What have you been doing in the meantime? Did you acquire relevant industry-experience in an R&D department or something similar? Being 10 years completely out of research would be of course a bigger obstacle in a rapidly changing field like biomedical sciences.

Keep in mind how competitive these positions are. Most people that are applying have a bachelor and a master as well, have great references and worked hard. Why would they deserve it less? The system works mostly ok, truth is, there are so many people that want to do a PhD that the market is oversaturated. Often you get a rejection because there is only 1 position available and not because you are inadequate or less capable of doing the job. I was at interviews where the PI told me that there were over 100 applications. The chances are high that there is someone in that huge pool who has research experience that is a little bit more related to the project then mine, that maybe had a reference from a "higher ranked" PI than my supervisors or was simply a better application writer. What does a publication of a student really tell in the end? There are so many students who do a great job and go without their name on a publication and also a lot of students who were just lucky to apply to a lab at the time when this specific project was done that eventually resulted in a nice publication.
I don't get that confidence-thing. We are just talking about sending out applications. It's not like you get rejected in person. You can either definitely never do a PhD or send out applications and may or may not do a PhD. With the latter you have at least a shot, so get out some more applications to increase your chances ;) 12 applications are absolutely nothing. If you would have said 50...I know people with really strong CVs who wrote more applications to get their position so no need to lose hope. Good luck!
posted
15-Jan-17, 02:21
Avatar for Tudor_Queen
posted about 2 years ago
If you want it, go for it, and do everything you can to improve your application. You could apply for as many opportunities as possible to increase the chances of getting accepted.

When I was applying, I watched Pursuit of Happyness for inspiration/motivation. People can get what they set out to achieve even in the face of massive obstacles. At the same time, it is always useful to have a Plan B in case it takes longer than anticipated, or you don't feel able to keep on trying thanklessly.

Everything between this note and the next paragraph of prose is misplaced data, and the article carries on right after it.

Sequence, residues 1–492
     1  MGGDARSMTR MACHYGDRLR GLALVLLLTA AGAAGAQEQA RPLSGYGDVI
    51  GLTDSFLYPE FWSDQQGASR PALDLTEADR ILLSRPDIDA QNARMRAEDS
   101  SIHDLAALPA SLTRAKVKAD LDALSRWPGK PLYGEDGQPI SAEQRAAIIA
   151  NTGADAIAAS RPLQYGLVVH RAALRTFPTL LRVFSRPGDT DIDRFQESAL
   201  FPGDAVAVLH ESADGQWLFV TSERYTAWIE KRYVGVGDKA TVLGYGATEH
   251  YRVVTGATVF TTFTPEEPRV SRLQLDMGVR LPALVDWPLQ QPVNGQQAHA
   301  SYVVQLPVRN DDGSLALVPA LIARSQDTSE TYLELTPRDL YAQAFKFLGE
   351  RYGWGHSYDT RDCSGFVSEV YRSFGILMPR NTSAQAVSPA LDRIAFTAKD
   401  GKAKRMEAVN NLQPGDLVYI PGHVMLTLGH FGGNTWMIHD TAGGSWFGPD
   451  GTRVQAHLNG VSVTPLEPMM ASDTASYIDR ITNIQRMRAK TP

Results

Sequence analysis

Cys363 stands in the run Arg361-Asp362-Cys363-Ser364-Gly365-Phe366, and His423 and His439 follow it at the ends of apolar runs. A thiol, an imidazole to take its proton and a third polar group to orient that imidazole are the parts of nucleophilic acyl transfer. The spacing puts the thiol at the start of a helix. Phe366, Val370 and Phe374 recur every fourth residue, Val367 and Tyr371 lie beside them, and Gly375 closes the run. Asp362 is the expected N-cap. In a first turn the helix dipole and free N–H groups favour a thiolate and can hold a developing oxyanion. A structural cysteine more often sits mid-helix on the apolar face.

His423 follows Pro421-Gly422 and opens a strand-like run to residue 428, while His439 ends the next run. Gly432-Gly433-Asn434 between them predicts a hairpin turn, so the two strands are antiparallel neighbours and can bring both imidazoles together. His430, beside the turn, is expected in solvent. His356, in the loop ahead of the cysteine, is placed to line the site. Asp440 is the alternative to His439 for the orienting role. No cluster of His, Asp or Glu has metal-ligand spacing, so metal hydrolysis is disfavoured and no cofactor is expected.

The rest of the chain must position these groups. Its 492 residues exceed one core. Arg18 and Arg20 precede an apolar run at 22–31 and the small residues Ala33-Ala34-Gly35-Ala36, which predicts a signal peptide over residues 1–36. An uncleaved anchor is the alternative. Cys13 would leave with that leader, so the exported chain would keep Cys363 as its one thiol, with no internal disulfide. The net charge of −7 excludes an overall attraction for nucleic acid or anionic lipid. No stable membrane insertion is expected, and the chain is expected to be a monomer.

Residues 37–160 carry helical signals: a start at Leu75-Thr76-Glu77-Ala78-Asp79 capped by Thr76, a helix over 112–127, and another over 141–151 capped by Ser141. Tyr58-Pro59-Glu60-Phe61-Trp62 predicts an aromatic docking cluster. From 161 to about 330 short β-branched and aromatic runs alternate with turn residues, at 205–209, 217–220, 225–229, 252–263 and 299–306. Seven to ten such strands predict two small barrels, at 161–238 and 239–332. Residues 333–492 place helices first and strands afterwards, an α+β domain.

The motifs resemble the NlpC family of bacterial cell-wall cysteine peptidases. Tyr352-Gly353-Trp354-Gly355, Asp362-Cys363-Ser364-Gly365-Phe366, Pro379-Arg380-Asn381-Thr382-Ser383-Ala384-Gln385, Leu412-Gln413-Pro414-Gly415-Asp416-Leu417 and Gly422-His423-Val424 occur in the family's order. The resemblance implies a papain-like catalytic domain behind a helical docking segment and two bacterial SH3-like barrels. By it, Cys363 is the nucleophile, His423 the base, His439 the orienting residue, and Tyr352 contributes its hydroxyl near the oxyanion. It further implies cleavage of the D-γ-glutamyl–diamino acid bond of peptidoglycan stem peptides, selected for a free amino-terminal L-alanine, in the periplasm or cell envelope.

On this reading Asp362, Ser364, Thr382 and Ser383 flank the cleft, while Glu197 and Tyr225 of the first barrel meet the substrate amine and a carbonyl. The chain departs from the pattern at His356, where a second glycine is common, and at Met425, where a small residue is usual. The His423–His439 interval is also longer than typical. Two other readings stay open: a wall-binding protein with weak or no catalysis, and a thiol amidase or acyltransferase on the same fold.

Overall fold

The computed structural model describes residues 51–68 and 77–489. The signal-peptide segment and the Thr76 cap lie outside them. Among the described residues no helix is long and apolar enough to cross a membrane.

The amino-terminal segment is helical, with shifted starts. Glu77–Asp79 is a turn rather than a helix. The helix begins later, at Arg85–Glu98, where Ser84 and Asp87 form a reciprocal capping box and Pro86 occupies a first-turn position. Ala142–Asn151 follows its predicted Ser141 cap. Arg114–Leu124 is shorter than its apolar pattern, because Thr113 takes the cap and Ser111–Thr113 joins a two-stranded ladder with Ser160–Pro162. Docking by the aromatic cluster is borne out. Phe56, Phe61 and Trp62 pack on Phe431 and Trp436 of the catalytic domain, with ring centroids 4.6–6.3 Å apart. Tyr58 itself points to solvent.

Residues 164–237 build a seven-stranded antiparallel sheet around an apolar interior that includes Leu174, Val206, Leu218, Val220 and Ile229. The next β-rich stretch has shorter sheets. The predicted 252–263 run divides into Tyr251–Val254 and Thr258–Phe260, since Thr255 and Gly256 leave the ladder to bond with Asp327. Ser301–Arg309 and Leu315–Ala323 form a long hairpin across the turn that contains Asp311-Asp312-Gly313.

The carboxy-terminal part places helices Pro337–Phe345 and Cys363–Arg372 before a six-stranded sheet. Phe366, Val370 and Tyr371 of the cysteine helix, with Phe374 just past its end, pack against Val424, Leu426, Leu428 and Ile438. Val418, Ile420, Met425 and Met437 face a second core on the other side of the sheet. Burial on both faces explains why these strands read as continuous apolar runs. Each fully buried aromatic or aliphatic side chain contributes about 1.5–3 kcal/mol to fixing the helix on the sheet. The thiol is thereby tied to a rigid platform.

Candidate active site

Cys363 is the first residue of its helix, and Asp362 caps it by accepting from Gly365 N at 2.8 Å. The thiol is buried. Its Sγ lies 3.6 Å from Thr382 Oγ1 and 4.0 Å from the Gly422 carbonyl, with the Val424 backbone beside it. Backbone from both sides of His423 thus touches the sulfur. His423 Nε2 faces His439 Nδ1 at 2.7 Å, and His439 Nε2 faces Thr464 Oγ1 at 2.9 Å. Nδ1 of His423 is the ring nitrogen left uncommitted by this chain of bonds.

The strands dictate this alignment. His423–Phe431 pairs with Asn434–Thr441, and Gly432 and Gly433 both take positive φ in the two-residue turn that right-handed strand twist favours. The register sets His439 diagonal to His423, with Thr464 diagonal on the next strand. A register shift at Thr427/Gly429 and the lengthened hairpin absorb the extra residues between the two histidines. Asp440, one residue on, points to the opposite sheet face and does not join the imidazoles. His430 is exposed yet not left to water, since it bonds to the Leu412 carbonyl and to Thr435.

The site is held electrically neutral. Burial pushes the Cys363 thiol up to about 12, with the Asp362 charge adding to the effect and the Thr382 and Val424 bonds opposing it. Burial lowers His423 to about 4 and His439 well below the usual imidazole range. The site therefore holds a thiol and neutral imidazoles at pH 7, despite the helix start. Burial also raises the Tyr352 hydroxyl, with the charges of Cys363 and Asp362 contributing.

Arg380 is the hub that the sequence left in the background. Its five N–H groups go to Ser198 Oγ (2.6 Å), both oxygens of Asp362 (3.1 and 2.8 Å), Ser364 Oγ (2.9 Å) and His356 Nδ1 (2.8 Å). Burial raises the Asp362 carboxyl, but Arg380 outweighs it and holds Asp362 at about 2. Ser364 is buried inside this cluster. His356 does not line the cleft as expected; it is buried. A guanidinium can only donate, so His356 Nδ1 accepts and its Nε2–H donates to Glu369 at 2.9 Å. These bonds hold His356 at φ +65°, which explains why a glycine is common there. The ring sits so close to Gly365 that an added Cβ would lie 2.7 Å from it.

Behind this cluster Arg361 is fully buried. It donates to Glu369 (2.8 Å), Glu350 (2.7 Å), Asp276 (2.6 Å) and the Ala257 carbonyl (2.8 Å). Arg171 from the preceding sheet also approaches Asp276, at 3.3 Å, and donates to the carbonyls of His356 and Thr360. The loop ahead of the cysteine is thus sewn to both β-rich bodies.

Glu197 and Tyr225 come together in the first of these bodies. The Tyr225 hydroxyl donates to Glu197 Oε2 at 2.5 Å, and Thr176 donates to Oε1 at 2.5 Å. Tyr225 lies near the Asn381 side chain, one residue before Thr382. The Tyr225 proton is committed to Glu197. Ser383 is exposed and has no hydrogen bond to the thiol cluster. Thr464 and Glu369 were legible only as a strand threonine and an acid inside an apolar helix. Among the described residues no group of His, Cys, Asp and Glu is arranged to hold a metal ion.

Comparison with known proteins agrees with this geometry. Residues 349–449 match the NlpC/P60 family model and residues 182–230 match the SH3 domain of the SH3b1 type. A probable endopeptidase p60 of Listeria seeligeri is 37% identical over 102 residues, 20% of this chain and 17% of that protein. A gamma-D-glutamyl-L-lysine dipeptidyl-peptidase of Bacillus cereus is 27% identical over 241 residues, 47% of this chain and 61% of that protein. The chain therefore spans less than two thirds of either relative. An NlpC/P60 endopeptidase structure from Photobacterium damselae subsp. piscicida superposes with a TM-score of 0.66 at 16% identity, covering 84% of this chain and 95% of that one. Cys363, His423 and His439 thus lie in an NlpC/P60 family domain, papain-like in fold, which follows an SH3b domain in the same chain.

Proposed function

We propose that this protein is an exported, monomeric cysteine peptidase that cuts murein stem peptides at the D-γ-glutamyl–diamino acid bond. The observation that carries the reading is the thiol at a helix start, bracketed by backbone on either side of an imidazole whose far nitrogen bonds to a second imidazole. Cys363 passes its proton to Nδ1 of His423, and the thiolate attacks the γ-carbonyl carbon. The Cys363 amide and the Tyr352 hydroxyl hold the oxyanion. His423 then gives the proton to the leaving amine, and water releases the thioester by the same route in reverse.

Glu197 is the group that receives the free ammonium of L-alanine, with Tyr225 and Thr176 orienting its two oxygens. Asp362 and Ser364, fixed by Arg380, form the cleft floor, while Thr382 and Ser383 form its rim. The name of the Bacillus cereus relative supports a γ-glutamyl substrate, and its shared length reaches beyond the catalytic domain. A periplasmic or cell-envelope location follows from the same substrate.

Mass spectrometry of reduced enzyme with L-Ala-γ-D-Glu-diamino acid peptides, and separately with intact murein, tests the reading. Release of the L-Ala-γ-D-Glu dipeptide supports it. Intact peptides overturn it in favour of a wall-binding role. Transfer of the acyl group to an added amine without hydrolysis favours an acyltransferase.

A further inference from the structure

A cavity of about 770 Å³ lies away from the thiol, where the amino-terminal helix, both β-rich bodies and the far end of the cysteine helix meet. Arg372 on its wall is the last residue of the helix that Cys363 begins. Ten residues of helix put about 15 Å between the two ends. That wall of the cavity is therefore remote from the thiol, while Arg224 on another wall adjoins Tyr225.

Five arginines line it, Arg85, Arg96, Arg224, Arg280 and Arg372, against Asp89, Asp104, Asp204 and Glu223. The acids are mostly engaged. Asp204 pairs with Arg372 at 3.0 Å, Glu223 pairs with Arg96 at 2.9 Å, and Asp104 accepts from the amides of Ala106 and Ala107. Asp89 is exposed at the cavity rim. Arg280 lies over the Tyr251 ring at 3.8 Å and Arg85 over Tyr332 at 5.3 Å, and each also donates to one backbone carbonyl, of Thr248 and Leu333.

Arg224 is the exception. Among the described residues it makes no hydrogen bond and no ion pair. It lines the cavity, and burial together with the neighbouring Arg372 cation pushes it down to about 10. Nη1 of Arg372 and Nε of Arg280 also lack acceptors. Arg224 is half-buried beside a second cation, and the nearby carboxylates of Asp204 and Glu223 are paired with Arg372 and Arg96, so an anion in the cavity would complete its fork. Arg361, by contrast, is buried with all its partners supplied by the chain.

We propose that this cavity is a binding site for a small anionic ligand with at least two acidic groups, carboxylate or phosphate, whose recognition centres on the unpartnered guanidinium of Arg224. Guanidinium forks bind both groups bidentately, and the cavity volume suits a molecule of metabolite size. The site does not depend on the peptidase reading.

Just an encouraging story... I know someone who was accepted on a highly competitive BSc programme at a Russell Group university when she had no A levels or equivalent, and no evidence of study in the past 4 years (which was the requirement for mature students). Her application obviously impressed them so much that they thought: screw the protocol. And now she is doing a PhD!
posted
15-Jan-17, 15:56
by Selkie
Avatar for Selkie
posted about 2 years ago
I can understand your frustration. Are you sure that it's the grades that are the problem? (I know it's not always possible to get feedback on these things.) Does it indicate on your application that you had personal difficulties which made the difference between a 2:1 and a 2:2? If not it might be worth saying that on future applications.
posted
18-Jan-17, 02:51
by pm133
Avatar for pm133
posted about 2 years ago
Quote From csonm:
I am 32 years old. And that's all I seem to think of these days when I think of making a PhD application. Here's the deal.

I graduated with a 2.2 in Biomedical Sciences (but actually it is a 2.1, because I simply had to resit for 1 class out of 3 years because of personal circumstances and no matter what my grade is for that class, they just put the lowest passing grade of 40 there, which actually made all the difference between a 2.1 and 2.2- what a ridiculous educational system is it that no matter what grade you get it has to be 40 because you resit). Anyway, with this 2.2, certainly I could not apply for a PhD so I did an MSc. But I was so smart, that I just did an MSc. by research instead of a taught MSc., and there was no course requirement, just a year of research. Therefore, despite it was no problem for me to finish this MSc. at all, still I have no grades to show so everything goes back to undergraduate grades. Of course, I didn't stop there, I have acquired some research experience but sadly only one second author publication that is under review for Nature communications (and frankly i lost hope as it has been under review for 1 year now).

Still, it is my damn undergraduate grades I have to upload every time I send a PhD application and I have no more grades to show. It is simply disgusting that despite I have great references from a Professor and 2 post-docs in a top research institute in the world, I still can't get a PhD position. I once remember someone said a 2.2 and an MSc. is equivalent to a 2.1. Is that right? And what on earth does one have to do to get a PhD position? I really need some advice here guys because I am losing it.


I think the reason you got the 40% is because you had to resit the exam. Otherwise it would be unfair on your colleagues who passed it first time if you beat their score having had two opportunities to do so. So its a 2:2. Not sure why you are talking about a 2:1 under these circumstances.
The fact that you appear to be afraid of rejection and as a direct result have applied to very few PhD posts is a serious red flag. Having resilience is a core component of a successful PhD and you appear to have some issues there unless I have misunderstood. You need to really think hard about whether you are suited to a PhD in the first place.